As if losing a breast to cancer was not traumatic enough, Algerian mother-of-three Linda was then spurned by her husband for being “mutilated” and a “half-woman”. “Cancer? It’s nothing compared with being rejected after 18 years of marriage,” the 50-year-old medical assistant said, still clearly upset years later.
According to a Mail & Guardian report, a charity says Linda is one of hundreds of Algerian women to have been abandoned by their husbands or fiances after being diagnosed with breast cancer. Thousands of women are found to suffer from the disease every year in Algeria, leaving many with no option but to surgically remove a part of their body deeply associated with their feminity. Hayat says her fiance dumped her after she told him she had an emergency operation to remove a breast. “He told me: ‘I want a whole woman, not three-quarters of one’,” the 30-year-old student said, bursting into tears.
Samia Gasmi, the head of a cancer charity, says many women are dropped by their husbands just after they are diagnosed, leaving them alone to face drastic treatment – and sometimes even without a roof over their heads. “Some sink into depression,” said the head of Nur Doha, which means “Light of Day” in Arabic. “Others end up in shelters because they have nowhere else to go once their husbands abandon them.”
The report says in a country where breast cancer is viewed as a private matter, patients are often reluctant to speak up – even sometimes hiding it from their own family. “These women view their illness as shameful,” Gasmi said. One woman refused to tell her own sister, she said, while another started wearing the Islamic scarf before chemotherapy so her husband’s family would have no idea when her hair started falling out. One patient “chose to die with her two breasts rather than accept any removal”.
All women interviewed refused to appear in front of a camera and refused to give their second names, the report says. Sociologist Yamina Rahou says this feeling of shame comes from the “pain of having a body part that symbolises feminity amputated”.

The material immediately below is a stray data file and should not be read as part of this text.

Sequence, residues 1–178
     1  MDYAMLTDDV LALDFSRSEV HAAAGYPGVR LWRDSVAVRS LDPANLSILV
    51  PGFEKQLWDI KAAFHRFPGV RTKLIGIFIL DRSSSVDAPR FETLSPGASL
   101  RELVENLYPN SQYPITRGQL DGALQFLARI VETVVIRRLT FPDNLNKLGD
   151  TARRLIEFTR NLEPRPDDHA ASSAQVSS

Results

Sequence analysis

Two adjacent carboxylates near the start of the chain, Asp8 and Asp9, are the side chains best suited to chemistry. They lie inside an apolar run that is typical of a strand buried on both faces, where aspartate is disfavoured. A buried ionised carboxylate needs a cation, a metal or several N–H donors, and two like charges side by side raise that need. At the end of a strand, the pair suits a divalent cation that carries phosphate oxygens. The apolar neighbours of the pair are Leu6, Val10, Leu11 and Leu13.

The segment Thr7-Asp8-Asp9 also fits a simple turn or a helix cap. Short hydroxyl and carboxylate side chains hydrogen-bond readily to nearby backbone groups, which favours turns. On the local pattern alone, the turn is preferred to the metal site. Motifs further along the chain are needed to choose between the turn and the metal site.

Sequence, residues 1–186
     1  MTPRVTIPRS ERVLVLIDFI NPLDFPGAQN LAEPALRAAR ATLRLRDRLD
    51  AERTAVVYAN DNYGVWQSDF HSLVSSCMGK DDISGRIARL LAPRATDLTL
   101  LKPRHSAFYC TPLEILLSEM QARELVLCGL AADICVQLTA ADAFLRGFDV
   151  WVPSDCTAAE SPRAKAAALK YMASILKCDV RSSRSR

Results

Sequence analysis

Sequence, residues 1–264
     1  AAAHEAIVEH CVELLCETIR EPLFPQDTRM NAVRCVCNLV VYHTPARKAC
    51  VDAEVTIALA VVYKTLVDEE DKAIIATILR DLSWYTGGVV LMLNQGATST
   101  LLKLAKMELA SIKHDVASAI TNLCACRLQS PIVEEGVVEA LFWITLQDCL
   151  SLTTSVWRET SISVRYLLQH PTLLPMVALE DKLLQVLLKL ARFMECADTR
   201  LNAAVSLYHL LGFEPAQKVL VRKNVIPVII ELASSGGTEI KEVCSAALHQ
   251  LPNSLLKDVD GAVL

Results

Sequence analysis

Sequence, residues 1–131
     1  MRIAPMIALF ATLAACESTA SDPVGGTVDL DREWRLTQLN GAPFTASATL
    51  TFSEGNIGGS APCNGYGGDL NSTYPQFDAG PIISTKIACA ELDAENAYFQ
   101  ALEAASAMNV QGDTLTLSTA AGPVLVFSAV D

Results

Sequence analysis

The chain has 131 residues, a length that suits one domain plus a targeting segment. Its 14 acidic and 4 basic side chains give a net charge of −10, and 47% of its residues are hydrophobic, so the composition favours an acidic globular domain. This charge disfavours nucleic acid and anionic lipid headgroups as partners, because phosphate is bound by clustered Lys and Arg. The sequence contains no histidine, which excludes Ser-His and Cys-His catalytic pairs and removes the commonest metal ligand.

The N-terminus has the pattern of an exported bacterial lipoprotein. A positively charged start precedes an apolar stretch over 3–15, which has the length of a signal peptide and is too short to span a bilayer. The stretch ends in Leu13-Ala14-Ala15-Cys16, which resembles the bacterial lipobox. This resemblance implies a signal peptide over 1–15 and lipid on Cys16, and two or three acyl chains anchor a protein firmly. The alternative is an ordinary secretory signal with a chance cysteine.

Patients who have had a breast removed feel they no longer fulfil the role society demands of a woman, the researcher at the Social and Cultural Anthropology Research Centre in Oran said.
Theologian Kamel Chekkat, of the Algerian Clerics Association, insisted men rejecting their wives after they have a breast removed is un-Islamic. “It has nothing to do with religion, it’s education,” he said. Islam “urges spouses to support each other,” he said, and an honourable man should look after his wife.
But, the report says, not all men follow the code of conduct. Saida, a doctor who is now 55, says she met her husband at university. We “married for love. He even took part in protests for women’s rights,” she said. But when she had a breast removed to fight cancer, he sought a divorce and custody of their son even before she had been released from hospital. To add insult to injury, she said, he cleaned out her bank account. “I hit rock bottom,” Saida said. “I didn’t have the energy to fight everything” at once.
Between 9,000 and 10,000 cases of breast cancer are diagnosed a year in Algeria, according to Farid Cherbal, a professor and expert in cancer genetics at the University of Algiers. That is five times more than 20 years ago, which experts say is due to better means of detection, as well as lifestyle changes such as less physical activity, unhealthy diets and smoking. Around 3,500 Algerian women die of the disease a year, Cherbal says.
Leila Houti, an epidemiologist and lecturer at the University of Oran’s medicine faculty, said breast cancer was often diagnosed too late.Mail & Guardian report